Here it is, the post you’ve all been waiting for… the one with penguins.
It’s the first question most people ask, so here we are – nice shots of Rothera wildlife.
Mostly we’re just surrounded by elephant seals. They lounge about on the sea ice and around station looking like giant slugs. Their lives seem to consist of lying on top of each other, shitting and fighting. Maybe it’s because they are getting all up in each others’ grills all the time – personal space and all that.
I’m not really sure how they hack being so close to each other, because they absolutely stink. Like, really stink. You can be standing 20 m away and smell their peculiar brand of rotting fish and seal poo if you’re downwind. Plus, they’re shedding their fur this time of year so whenever they move anywhere (which is pretty funny to watch too – imagine a really fat caterpillar that gives up after 7 seconds of activity cos it can’t be bothered) they leave a trail of brown goo with the consistency of engine oil. Except engine oil smells loads better.
‘Fighting’ apparently consists of rearing up and burping in each others’ faces. Occasionally one will lose a fight and get ostracised, or sent to the naughty corner to think about what it’s done. Last time I walked past these guys on the way to dinner, the one on the right had taken up residence face down in a puddle. Punishment indeed.
They’ve also got pretty specific places they like to sit. A bunch of them decided that the bridge from the main station to the runway was a great place to hang out. They probably like it cos it’s warm.
Problem being, of course, that we kind of need that road to get places, so a bunch of stinky seals being in the way is not exactly helpful.
In the end, we occupied the bridge with a giant machine, hoping that they’d find somewhere else to laze around all day, but they’re amazingly stubborn and have just cuddled up to the cat instead. It’s cute really.
Excitingly, last week in the South Cove across the runway we also saw orca (killer whales), supposedly closer to the station than they’ve ever been seen by anyone on base. It wasn’t quite like Blue Planet, but they did munch a seal and were clearly hunting something, because the birds that were swarming around them were definitely not just hoping for seal scraps. In all likelihood there was probably something like krill below the surface that both the whales and birds were after.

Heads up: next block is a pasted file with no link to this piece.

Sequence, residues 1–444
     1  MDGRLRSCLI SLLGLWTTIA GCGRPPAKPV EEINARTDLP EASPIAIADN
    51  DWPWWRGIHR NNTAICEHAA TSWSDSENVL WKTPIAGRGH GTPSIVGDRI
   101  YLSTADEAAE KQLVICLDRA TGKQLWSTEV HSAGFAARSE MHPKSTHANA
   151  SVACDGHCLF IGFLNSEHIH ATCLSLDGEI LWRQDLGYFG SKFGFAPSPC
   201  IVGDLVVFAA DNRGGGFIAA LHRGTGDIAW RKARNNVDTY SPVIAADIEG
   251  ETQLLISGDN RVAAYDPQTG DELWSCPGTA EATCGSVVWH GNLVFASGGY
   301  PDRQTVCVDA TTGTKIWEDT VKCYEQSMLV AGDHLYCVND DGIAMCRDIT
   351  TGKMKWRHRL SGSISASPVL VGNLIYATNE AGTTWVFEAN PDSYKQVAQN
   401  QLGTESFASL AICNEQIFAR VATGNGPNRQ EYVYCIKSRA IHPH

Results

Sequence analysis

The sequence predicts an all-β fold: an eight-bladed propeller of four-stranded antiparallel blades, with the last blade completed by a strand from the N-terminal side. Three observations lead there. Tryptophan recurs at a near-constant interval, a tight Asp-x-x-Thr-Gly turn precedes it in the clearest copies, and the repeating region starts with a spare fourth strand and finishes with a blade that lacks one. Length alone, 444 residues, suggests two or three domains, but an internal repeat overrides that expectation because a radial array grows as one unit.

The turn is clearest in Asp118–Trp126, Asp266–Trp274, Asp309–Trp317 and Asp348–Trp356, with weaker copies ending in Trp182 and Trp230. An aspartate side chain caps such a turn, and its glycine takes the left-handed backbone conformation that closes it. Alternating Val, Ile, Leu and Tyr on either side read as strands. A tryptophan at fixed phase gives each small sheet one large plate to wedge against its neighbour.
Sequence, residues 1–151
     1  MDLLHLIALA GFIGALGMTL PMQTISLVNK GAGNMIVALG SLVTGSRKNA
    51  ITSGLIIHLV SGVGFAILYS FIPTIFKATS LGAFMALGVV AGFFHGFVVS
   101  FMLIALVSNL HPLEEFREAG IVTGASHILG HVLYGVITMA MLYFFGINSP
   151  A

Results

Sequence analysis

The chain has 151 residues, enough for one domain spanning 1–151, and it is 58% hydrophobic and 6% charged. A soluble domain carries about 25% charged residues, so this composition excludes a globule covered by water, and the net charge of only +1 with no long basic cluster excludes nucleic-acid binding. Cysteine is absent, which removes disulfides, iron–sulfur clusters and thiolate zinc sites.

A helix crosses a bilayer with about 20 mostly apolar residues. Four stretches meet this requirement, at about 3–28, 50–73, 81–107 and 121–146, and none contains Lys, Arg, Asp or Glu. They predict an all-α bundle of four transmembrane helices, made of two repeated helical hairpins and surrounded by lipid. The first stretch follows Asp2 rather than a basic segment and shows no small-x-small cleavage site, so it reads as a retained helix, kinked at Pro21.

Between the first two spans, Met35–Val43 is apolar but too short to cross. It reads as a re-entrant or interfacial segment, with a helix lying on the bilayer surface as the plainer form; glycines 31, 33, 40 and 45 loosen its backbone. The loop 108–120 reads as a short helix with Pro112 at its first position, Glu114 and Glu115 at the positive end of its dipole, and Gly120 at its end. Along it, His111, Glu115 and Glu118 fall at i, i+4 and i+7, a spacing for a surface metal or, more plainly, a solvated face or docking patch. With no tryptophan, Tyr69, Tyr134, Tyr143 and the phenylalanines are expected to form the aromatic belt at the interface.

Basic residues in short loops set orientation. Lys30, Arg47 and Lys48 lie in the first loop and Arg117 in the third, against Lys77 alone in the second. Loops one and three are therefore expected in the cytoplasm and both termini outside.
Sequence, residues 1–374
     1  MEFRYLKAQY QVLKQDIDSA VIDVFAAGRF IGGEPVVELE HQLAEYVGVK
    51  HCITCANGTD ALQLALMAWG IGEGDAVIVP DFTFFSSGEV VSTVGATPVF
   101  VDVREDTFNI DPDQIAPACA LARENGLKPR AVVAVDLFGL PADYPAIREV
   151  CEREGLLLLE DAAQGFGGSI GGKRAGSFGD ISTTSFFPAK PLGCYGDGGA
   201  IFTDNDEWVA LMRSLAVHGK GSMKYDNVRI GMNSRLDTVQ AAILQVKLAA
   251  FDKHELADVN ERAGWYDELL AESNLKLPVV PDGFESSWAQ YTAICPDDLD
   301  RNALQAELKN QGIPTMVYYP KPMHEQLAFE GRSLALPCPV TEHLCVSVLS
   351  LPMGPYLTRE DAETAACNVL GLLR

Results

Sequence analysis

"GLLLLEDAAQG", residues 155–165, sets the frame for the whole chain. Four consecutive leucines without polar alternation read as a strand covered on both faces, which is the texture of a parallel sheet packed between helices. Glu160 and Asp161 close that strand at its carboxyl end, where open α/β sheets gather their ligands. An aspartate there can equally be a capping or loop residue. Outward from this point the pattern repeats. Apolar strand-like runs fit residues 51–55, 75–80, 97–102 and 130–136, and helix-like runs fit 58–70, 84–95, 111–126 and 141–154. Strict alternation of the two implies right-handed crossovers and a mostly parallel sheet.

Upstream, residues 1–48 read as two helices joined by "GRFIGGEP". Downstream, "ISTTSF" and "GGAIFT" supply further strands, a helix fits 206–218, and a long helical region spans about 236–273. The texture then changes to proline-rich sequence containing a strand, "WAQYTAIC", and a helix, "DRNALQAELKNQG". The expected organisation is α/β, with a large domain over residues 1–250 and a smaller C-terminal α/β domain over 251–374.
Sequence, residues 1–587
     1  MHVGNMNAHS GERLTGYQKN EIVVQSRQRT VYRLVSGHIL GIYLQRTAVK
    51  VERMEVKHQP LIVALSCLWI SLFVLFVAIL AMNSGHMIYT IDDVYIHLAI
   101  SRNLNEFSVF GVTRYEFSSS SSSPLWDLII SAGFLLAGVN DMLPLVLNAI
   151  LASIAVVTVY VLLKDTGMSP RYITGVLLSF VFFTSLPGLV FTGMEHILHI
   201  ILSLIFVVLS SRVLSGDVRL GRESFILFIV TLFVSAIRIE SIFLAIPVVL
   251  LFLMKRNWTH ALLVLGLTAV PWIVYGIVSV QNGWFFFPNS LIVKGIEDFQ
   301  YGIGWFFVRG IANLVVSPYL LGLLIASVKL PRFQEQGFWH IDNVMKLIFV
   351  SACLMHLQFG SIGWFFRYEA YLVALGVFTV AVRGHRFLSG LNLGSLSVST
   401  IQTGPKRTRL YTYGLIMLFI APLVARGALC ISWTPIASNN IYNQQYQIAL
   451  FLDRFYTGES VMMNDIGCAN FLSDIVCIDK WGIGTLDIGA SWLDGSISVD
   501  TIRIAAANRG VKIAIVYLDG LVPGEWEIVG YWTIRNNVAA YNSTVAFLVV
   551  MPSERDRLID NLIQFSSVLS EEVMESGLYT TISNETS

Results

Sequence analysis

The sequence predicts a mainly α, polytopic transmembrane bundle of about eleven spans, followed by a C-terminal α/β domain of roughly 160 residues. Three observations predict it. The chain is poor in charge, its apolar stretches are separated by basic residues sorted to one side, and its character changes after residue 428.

It’s not every day you see orca, so we were all pretty excited. Nearly everyone on station rushed out to catch a glimpse. Winter station leader Jess managed to get a much better shot than I did:
Last but not least, it’s the moment you’ve all been waiting for. The penguins.
To be honest, there’s not that many here – only the odd one or two. The only species I’ve seen here are Adélies, so they’re pretty little (but also dead silly, it’s great).
Sometimes they hang out around the point a little further from base, but generally not so close to us. The other night I spotted one chilling on an ice floe with a shag (no, it’s not a flying penguin, sorry). They were probably having loads of bird bants.
Having said that though, I did manage to snap this absolute diva down by the aircraft hangar on the way back to base the other day:
I got a proper display of penguin shimmying and belly sliding around on the snow. They walk like they’re ready for a bar brawl (y’know, the three-carpets-under-the-armpits cockney swagger), except they’re way too cute for that. As demonstrated by its clear caution about crossing the road (understandable really).
Hol’ tight for the video evidence…